9 Types of Mortgage Loan to Consider
If you’ve never bought a home before, the sheer number of mortgage loan options can be overwhelming. Here are 9 of the different types of loans available so you can figure out which one best fits your circumstances.
Conventional loans are not guaranteed or insured by the federal government and tend to have higher standards than government-backed loans (620 credit score, 3% down). You can get a conforming or non-conforming loan; non-conforming loans are usually for higher amounts and are also called “jumbo” loans.
VA loans are backed by the Department of Veterans Affairs. They tend to be more flexible and offer more benefits to buyers (no minimum credit score, 0% down). These loans are only available to veterans, active service members, or surviving spouses.
FHA loans are backed by the Federal Housing Administration and also offer more flexibility for buyers than conventional loans (580 minimum credit score with 3% down; 500 minimum credit score with 10% down).
USDA loans are backed by the United States Department of Agriculture and are only available in rural areas. Like VA and FHA loans, they’re available to a wider range of buyers (no minimum credit score, 0% down). However, the home you purchase must be eligible for a USDA loan based on the mapping guidelines.
An adjustable-rate mortgage loan (also called an ARM) has an adjustable mortgage interest rate, so the loan payment will fluctuate after the first couple of years (when the interest rate is fixed).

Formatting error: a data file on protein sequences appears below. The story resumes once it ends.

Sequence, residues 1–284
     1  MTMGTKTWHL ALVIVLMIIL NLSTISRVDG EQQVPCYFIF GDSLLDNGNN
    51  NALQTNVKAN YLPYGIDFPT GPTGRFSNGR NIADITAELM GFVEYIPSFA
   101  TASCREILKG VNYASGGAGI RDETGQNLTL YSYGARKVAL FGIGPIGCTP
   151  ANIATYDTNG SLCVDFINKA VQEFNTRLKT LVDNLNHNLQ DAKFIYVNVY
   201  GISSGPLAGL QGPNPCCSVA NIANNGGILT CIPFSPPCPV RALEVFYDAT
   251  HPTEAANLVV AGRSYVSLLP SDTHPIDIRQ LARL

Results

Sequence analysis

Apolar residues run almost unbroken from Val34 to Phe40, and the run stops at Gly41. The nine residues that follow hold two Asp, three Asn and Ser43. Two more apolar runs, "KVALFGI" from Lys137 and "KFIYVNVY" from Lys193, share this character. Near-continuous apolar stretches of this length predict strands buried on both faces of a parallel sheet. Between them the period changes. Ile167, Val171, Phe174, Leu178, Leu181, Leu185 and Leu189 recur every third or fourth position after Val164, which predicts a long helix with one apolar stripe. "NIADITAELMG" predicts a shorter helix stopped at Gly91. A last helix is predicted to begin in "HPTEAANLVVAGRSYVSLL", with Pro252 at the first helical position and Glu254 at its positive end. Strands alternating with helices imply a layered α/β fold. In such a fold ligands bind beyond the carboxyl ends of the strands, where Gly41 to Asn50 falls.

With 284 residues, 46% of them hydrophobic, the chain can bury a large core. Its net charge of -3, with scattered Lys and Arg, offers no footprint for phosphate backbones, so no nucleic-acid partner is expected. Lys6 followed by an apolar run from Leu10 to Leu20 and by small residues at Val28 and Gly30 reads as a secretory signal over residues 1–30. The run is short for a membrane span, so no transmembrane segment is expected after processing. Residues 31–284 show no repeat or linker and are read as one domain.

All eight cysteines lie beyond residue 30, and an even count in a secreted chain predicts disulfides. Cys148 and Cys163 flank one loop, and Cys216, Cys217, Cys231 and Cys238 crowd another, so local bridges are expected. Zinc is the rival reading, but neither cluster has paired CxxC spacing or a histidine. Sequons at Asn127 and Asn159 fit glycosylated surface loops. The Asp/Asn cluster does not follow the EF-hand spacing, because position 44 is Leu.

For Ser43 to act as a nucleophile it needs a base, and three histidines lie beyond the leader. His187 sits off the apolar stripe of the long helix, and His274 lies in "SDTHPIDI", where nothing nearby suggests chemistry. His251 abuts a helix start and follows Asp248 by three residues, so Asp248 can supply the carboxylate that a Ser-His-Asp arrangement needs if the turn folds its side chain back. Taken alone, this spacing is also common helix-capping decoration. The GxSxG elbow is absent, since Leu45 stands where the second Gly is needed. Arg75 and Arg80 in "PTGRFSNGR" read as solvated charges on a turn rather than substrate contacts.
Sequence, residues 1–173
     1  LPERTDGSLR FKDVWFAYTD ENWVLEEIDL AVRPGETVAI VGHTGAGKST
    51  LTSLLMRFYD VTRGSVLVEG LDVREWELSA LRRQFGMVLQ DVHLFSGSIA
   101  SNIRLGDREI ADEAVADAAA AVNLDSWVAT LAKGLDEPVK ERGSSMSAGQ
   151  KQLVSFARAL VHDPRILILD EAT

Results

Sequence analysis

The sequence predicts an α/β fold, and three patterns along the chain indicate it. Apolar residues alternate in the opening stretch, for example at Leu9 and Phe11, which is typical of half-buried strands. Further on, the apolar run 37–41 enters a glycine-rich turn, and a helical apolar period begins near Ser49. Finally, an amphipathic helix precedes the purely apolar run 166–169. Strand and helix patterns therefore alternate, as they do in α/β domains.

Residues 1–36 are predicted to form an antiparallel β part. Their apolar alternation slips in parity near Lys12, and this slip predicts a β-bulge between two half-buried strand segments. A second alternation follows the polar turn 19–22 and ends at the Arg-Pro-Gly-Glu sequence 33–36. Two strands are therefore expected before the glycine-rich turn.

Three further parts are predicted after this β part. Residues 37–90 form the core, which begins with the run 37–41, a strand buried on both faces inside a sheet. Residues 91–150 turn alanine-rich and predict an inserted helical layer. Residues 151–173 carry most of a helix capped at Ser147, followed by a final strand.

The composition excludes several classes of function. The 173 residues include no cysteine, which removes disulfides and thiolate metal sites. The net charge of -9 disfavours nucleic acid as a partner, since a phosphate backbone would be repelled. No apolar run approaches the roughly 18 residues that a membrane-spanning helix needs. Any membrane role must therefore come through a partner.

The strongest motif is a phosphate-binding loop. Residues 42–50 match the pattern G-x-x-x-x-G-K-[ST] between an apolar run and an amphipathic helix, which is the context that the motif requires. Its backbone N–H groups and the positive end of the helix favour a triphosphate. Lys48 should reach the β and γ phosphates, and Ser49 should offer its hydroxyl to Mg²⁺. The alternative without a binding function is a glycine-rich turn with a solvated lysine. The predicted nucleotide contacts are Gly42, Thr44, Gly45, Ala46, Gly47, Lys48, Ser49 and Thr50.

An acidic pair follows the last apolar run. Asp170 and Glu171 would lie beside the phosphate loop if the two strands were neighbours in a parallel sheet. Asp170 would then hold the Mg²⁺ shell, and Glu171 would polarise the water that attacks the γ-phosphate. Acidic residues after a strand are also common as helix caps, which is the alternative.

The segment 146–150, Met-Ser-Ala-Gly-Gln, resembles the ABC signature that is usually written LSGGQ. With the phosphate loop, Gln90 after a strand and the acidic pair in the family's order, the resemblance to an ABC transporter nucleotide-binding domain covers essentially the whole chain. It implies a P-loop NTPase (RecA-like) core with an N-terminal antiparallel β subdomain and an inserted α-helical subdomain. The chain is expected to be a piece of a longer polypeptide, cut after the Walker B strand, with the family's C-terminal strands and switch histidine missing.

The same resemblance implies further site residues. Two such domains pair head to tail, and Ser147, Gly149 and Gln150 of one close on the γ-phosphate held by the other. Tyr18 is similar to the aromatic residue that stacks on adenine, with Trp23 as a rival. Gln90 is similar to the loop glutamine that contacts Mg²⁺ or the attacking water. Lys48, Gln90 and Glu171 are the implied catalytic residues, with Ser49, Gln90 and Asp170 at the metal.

With a fixed-rate mortgage loan, your loan interest rate will stay the same throughout the lifetime of the loan, which can be a big advantage if you bought during a period of low rates. If you didn’t, you could refinance after rates drop if you’ve been paying your loan for at least six months.
A jumbo loan is a loan that doesn’t conform to standards set by the government-sponsored enterprises (GSEs), Fannie Mae and Freddie Mac, because the loan amount is too high. The exact number that limits “too high” depends on your location. Standards for qualifying for a jumbo loan are higher than for a conventional or government-backed loan.
Home equity loans are only available to existing homeowners. The amount of equity you own in your home includes both your down payment and the increased value of the property since you bought. You can take out an equity loan for a number of reasons: to make improvements to the house, pay for higher education, or more.
When you want to sell your house and buy a new one, you might not be able to afford two mortgage payments at once. A bridge loan can help you bridge the gap between one property and another, and can work well in markets where you’re likely to sell quickly.